Record-setting electric plane tows glider up into the sky in seconds

Posted: April 6, 2017 by oldbrew in innovation, Travel

Experimental E-plane [image credit: Siemens]

In the longer term they’re hoping this e-plane research will lead to ‘hybrid-electric airliners’.

Siemens has just announced that an electric aerobatic plane powered by its latest motor has nabbed two world speed records, as New Atlas reports.

The Extra 330LE aircraft is now the fastest e-plane under 1,000 kg, and also – after a few mods – the quickest above 1,000 kg, too. The electric test plane also became the first in the world to tow a glider up into the skies.

The Extra 330LE aerobatic plane powered by the lightweight electric motor announced by Siemens in 2015 made its first flight in July 2016.

The motor tips the scales at 50 kg (110 lb) but is reported capable of delivering a continuous output of 260 kW, five time more than comparable propulsion systems.

Before the end of last year, the flying test bed had opened a new page in the record books by setting a new world climb record, winging its way up to 3,000 meters (9.840 ft) in 4 minutes and 22 seconds – a climb velocity of 11.5 meters per second.

On March 23, at the Dinslaken Schwarze Heide airfield in Germany, the Extra 330LE managed to top out at 337.5 km/h (209.7 mph) during its 3 km (1.8 mi) straight line flight, 13.48 km/h faster than the previous record set in 2013. The new record has been officially recognized by the World Air Sports Federation (in the category “Electric airplanes with a take-off weight less than 1,000 kg”).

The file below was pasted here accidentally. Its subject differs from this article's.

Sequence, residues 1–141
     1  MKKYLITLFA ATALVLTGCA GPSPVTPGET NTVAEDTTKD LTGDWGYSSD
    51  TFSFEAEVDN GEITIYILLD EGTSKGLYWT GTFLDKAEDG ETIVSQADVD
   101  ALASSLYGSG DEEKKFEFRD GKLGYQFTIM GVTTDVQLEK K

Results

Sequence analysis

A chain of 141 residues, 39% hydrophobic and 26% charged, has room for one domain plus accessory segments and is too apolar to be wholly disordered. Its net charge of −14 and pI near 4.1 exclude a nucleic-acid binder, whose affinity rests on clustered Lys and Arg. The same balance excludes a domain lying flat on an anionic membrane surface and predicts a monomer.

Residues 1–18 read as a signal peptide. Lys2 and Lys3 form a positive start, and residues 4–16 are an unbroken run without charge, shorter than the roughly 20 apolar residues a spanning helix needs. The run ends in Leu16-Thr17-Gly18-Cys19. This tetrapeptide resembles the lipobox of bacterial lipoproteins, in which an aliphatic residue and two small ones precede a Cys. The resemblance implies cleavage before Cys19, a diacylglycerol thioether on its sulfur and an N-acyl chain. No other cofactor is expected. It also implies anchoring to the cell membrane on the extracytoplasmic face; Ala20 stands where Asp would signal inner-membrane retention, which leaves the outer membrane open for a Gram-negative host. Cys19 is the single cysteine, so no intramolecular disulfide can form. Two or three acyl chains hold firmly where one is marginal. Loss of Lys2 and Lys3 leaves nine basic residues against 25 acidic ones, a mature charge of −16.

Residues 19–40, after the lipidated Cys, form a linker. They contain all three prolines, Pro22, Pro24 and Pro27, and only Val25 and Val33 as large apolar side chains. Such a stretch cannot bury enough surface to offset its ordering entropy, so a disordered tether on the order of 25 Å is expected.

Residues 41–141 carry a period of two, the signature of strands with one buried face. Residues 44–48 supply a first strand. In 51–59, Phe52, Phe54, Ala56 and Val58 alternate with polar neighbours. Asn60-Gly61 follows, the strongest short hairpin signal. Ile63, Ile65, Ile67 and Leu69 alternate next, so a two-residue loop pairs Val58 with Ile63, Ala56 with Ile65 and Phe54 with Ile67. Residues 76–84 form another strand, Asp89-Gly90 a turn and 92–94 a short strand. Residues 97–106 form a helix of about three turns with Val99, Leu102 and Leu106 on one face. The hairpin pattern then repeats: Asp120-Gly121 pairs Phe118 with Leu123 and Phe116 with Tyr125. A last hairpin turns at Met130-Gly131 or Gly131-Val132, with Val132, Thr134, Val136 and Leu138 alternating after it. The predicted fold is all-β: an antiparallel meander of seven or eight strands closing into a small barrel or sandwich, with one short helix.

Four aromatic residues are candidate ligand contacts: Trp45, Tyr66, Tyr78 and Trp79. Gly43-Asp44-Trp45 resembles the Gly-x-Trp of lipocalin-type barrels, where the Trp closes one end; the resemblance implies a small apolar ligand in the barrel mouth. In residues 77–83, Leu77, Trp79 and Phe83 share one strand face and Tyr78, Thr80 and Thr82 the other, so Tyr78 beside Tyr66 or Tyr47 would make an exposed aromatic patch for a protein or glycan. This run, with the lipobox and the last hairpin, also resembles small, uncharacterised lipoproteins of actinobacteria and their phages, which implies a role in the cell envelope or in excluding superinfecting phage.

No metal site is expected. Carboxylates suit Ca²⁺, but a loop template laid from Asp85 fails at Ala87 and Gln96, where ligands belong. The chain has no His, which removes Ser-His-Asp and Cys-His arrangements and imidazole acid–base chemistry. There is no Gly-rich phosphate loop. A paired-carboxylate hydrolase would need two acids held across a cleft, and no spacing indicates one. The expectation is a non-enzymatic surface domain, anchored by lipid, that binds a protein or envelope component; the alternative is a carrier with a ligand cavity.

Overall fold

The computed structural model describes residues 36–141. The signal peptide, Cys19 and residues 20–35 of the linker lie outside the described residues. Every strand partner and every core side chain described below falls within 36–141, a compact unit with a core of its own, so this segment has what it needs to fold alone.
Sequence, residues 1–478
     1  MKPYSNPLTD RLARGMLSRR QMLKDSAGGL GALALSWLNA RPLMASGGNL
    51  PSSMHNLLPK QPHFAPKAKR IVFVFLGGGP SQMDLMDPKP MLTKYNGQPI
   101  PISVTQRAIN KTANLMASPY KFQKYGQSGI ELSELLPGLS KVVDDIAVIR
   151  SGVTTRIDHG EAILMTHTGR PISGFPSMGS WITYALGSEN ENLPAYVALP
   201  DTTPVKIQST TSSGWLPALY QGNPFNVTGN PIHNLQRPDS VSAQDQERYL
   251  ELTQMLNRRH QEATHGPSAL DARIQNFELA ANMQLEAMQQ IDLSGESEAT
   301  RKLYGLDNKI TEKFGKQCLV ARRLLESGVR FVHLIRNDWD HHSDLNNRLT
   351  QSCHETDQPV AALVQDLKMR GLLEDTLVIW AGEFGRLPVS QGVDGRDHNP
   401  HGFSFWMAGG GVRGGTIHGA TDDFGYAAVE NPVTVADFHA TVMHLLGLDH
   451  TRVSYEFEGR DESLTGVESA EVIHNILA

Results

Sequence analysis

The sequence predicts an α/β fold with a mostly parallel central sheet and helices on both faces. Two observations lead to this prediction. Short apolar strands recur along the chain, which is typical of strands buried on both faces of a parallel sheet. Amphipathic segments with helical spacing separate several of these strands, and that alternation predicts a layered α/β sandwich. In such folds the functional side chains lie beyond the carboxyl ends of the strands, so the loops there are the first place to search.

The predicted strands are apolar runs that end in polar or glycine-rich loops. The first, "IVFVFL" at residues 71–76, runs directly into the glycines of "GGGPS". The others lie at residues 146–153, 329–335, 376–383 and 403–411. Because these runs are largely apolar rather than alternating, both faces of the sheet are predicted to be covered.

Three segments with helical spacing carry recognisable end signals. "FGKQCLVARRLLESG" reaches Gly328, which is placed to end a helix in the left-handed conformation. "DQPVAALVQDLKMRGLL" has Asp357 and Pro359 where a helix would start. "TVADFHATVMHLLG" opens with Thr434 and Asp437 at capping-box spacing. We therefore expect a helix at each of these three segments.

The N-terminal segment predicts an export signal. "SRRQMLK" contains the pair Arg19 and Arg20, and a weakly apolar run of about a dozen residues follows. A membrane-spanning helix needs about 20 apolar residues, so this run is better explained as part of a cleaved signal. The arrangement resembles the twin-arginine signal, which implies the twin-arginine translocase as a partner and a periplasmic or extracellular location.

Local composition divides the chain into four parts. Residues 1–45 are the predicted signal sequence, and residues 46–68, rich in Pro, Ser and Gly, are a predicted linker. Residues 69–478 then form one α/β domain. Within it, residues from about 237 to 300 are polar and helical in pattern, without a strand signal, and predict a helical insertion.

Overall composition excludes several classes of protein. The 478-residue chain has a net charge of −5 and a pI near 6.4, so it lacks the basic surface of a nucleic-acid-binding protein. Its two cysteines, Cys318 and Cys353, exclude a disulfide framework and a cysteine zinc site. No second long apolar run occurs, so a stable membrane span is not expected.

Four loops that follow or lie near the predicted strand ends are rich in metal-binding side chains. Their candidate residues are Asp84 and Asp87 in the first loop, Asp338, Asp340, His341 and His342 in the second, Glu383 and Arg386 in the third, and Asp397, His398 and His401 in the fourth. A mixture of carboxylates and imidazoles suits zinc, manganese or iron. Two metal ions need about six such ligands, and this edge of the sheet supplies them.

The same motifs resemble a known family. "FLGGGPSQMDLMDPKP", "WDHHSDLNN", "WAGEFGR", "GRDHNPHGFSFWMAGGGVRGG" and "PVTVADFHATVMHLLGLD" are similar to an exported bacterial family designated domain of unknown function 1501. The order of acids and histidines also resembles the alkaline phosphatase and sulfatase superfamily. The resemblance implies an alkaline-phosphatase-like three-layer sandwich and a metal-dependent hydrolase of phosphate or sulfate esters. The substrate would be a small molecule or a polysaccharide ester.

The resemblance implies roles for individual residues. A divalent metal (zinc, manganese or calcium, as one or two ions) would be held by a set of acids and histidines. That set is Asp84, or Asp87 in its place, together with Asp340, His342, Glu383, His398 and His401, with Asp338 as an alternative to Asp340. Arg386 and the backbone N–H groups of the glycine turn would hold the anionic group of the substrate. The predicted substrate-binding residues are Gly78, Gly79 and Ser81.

The e-plane also clocked a new world record in the “above 1,000 kg” category with a modified configuration, achieving a top speed of 342.86 km/h (213 mph).

But two world speed records clearly weren’t enough. The day after setting the speed record, the Extra 330LE took to the skies again – this time towing a type LS8-neo glider, the first time an electric aircraft has been used for such a task. The electric flyer managed to take the glider up to 600 meters (1,968 ft) in just 76 seconds.

There are no current plans to take the test aircraft into series production, but the project collaboration with Airbus that began last April intends to develop hybrid-electric airliners based on scaled up versions of the Siemens electric motor.

Source: Record-setting electric plane tows glider up into the sky in seconds | New Atlas

  1. AlecM says:

    ‘There are no current plans to take the test aircraft into series production…’

    Good puns……….

  2. Ian says:

    Wouldn’t it be more realistic, in terms of power-to-weight ratio, to combine motor and battery pack, then compare that to petrol engine and fuel tank equivalent to battery range? I only skim-read the article, but didn’t spot anything on range. When does the Law of Diminishing Returns start to take effect (thinking of the suggested airliner application)?

  3. Harry Passfield says:

    Just checked. 260kW is equivalent to just short of 350hp. Not shabby.